Windows are another area prone to both heat loss, and cold drafts. The main reason for this is that in older homes, they are single glazed, and often over time, gaps and cracks appear in the window framing.
Aside from upgrading to double glazing and plugging up the gaps, there are other things you can do to restore the warmth, such as moving beds and sofas away from the windows, and investing in quality curtains.
"Curtains can minimise heat loss with lining. I tend to use a three-pass blockout as it has both insulation and blockout properties. Ensure the drapes completely cover the architraves and openings and go to the floor," she suggests.
"Curtains are a great addition to the house as they are practical and also soften a room."
Interior Designer Emma Hoyle replaced the blinds in this living room with ‘three-pass blockout curtains’ that dropped to the floor, chosen for insulation, blockout properties and to soften the space. Image: David Straight.
Many older homes were built with open fireplaces as the main (or only) source of heating, and whilst they have a nostalgic, old-world charm about them – modern technology has rendered them redundant.
When not sealed off properly, these old beauties actually cause heat to escape up the existing chimney and are yet another entry point for cold air to arrive in the home. In some cases, they have been fitted with open-fronted gas fireplaces that are now just as outdated as the wood fires that came before them.
Retrofitting is a great solution to this – replacing these fires with a modern and efficient room-sealed gas fireplace so no cold air can escape or enter the home uninvited. Enter the Escea DF Series.
The living room of this Villa had an old, open-fronted gas fireplace which was outdated and inefficient. Interior Designer Emma Hoyle recommended upgrading the fire to a glass fronted room-sealed Escea DF960 gas fireplace to increase efficiency, while the design of the fire lended itself to the traditional, timeless features of the character home. Image: David Straight.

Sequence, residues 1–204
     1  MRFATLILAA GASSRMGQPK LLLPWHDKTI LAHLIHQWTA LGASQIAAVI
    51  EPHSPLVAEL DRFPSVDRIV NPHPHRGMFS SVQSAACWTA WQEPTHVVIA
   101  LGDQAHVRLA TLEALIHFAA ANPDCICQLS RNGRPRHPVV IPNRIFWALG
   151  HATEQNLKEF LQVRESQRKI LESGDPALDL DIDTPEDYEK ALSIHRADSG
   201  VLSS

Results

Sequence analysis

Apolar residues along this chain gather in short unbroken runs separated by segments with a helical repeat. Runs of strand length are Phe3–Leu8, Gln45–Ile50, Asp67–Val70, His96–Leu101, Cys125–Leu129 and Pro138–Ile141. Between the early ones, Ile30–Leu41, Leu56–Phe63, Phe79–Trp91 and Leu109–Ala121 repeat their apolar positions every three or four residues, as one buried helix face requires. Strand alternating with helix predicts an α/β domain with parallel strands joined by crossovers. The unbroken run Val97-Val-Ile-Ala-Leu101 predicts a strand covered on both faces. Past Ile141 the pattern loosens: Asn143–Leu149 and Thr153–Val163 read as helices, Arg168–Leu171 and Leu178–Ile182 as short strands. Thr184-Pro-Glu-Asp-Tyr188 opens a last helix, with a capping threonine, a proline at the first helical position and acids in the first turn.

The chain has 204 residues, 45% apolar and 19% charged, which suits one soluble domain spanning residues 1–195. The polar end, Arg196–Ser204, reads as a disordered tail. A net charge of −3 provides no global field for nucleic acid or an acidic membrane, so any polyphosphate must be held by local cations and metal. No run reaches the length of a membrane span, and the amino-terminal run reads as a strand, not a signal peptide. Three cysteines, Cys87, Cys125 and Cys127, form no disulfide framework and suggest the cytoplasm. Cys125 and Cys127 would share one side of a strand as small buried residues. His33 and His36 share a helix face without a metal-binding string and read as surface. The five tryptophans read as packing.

“Escea was designed for renovators, but specifically as a solution to the open fireplaces that feature in so many old villas and bungalows,” says Escea’s Lead Designer Alex Hodge.
“We wanted to provide a safer, more convenient, and more efficient fireplace, but also something reminiscent of the wood fires that came before them. We did this by stripping away all the unnecessary visible detail and maximising the flame.”
Escea’s fireplaces feature a modest firebox shape designed to fit into existing cavities, as well as flexible vents that can be run right up the existing chimney. These unique properties make it a dream for retrofitting.
“Gas fireplaces are super-efficient to run and are a fantastic option and become an anchor to the living spaces. I often use Escea in my projects. They are beautifully designed and crafted on our New Zealand shores, and the team is great to work with too.” – Emma Hoyle
Use the winter months to make a change in your home and create a space you can’t wait to come home to.